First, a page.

Photo by Martin Lewison on Flickr.

Finally, we come to the amusement park, which is fun, but somewhat generic. The usual favourites are there: a ferris wheel, a rollercoaster, swimming in the summer and ice-skating in the winter. It’s a fun add-on, but no means an essential ingredient to your visit to Himeji Central Park.

But then again maybe you want something a bit more historic, something a bit of old-world spiritual energy and splendor?

If that’s the case then look no further than Engyo-Ji Temple.

Engyoji Temple. Photo by 663highland on Wikimedia Commons.

Getting to the Temple itself, takes a bit of time. Engyo-Ji is situated at the top of Mt. Shosha. To get there you’ll first need to take a bus for about 25 minutes from JR Himeji Station. 

Mt. Shosha Ropeway Station. Photo by Kzaral~commonswiki on Wikimedia Commons.

Once you get to the bus stop, if the weather is favorable and you’re feeling fit, you may fancy tackling the 1 mile trek along the hiking trail to the top of the mountain. Otherwise, the Mt. Shosha Ropeway also provides easy access, so you don’t need to worry if those legs are feeling a bit tired on that day. Upon entering the temple complex, movie buffs may feel they are in familiar territory. A number of scenes from Tom Cruise’s 2003 Japan-centric epic “The Last Samurai” were filmed within the temple’s grounds.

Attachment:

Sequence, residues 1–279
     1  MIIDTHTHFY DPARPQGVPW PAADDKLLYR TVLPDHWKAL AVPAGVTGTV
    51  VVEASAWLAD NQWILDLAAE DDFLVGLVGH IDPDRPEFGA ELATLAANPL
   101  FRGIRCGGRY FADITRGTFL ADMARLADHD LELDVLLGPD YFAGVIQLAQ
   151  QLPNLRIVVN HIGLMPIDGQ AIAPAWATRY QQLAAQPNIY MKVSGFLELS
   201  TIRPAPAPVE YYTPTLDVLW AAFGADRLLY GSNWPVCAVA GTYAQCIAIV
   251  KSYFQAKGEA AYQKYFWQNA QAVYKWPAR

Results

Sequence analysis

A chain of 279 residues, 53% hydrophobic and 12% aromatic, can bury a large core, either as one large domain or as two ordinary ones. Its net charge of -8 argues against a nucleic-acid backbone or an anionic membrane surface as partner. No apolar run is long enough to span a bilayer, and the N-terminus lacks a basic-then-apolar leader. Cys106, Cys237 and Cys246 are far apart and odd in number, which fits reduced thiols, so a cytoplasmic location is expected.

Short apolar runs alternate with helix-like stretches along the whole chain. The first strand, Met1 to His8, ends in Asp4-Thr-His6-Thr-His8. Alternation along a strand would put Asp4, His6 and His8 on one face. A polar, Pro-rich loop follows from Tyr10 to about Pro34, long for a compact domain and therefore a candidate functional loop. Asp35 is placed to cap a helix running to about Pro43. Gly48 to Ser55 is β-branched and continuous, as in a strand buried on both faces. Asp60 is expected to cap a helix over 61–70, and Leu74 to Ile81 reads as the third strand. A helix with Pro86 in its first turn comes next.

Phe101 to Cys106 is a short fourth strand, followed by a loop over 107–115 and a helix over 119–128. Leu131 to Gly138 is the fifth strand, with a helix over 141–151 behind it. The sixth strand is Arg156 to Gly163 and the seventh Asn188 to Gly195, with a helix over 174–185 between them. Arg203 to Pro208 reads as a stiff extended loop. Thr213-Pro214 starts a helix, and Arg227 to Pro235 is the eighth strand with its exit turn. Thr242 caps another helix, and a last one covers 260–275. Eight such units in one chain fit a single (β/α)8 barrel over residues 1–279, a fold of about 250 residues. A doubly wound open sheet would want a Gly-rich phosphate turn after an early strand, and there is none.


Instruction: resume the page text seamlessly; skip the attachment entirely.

Perhaps you are taking a date to Himeji, or perhaps you just want to treat yourself to somewhere with a romantic atmosphere. In either case, you would do well to stop by Himeji City Tegarayama Botanical Gardens during your stay. The gardens can be found in the heart of Tegarayama Central Park (not to be confused with Himeji Central Park) and is easily found by heading towards the large dome-like greenhouse that can be found in the centre of the gardens.

Tegarayama Botanical Gardens. Photo by 663highland on Wikimedia Commons.

Within the greenhouse itself you will find all manner of flora and fauna both common and mysterious. Many of the display plaques even have a small English translation on them if your ability to read Japanese isn’t quite up to speed yet. 

Finally, the area in and around Himeji Station is a great place to relax and unwind after a hard day of exploring and traveling around the city. 

Himeji Station. Photo by 663highland on Wikimedia Commons.

In close proximity to both the JR and Shinkansen Stations (which are themselves interconnected), you’ll find a wide selection of bars, restaurants and izakayas catering to all manner of tastes. Whether you fancy some freshly grilled yakitori (chicken skewers), an okonomiyaki seafood pancake or even just a simple burger and fries, the “Eki-Mae” (station front) area has got you covered. 

Himeji may not have the same buzz as its nearby neighbours Kobe and Osaka, but to be honest I don’t think that’s a bad thing. It is a city with its own vibe, its own character and its own unique quirks that make it special.

So next time you are passing through this part of Japan be sure to stop by Himeji, and don’t just visit the castle!